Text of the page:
21. I agree with Sue that Abigail was an excellent woman. Everything I’ve read about her leads one to believe she was the power behind the throne as they say. She kept the family together, fed, educated, etc. while John was off doing politics.

    Reply
  22. I agree with Sue that Abigail was an excellent woman. Everything I’ve read about her leads one to believe she was the power behind the throne as they say. She kept the family together, fed, educated, etc. while John was off doing politics.

    Reply
  23. I agree with Sue that Abigail was an excellent woman. Everything I’ve read about her leads one to believe she was the power behind the throne as they say. She kept the family together, fed, educated, etc. while John was off doing politics.

    Reply
  24. I agree with Sue that Abigail was an excellent woman. Everything I’ve read about her leads one to believe she was the power behind the throne as they say. She kept the family together, fed, educated, etc. while John was off doing politics.

    Reply
  25. I agree with Sue that Abigail was an excellent woman. Everything I’ve read about her leads one to believe she was the power behind the throne as they say. She kept the family together, fed, educated, etc. while John was off doing politics.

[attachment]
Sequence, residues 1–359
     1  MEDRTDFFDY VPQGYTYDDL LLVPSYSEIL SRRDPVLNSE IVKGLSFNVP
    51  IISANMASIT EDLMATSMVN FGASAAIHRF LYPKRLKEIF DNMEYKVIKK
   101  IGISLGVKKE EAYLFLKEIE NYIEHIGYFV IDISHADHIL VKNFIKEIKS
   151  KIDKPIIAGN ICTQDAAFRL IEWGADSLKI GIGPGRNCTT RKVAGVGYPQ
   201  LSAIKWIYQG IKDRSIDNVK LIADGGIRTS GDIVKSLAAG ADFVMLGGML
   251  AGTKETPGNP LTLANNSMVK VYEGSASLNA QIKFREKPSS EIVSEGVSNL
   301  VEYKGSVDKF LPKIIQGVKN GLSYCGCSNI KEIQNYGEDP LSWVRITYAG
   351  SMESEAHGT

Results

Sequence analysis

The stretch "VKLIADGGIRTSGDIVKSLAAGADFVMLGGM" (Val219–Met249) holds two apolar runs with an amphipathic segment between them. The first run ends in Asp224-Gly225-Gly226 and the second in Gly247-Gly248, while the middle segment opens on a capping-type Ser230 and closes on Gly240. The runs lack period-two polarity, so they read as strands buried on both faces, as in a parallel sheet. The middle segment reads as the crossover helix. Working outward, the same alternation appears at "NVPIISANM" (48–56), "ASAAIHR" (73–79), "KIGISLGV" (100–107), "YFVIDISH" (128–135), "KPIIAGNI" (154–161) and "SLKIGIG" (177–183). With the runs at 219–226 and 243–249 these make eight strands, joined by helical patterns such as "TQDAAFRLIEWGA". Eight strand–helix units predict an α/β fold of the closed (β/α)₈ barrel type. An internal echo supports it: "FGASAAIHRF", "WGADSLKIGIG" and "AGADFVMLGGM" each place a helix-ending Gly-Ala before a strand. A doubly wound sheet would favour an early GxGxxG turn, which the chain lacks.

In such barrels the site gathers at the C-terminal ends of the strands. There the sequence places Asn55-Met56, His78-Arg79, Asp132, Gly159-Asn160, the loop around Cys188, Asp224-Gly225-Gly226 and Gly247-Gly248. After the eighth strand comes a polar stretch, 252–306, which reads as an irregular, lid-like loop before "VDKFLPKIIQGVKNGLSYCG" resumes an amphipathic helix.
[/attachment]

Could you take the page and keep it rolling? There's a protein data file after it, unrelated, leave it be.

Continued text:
Reply
  26. I love that little verse!
    I suspect that one of the reasons we are having trouble thinking of excellent women is that they are invisible. They’re the ones keeping things running so smoothly that we don’t even realize that there is someone actually taking care of things, and things aren’t just running smoothly on their own.
    I am reminded of an old joke I once heard, about a couple where he decided the major things and she took care of the minor details. He decided things like whether or not the draft should be reinstated and she decided things like where the family should live.

    Reply
  27. I love that little verse!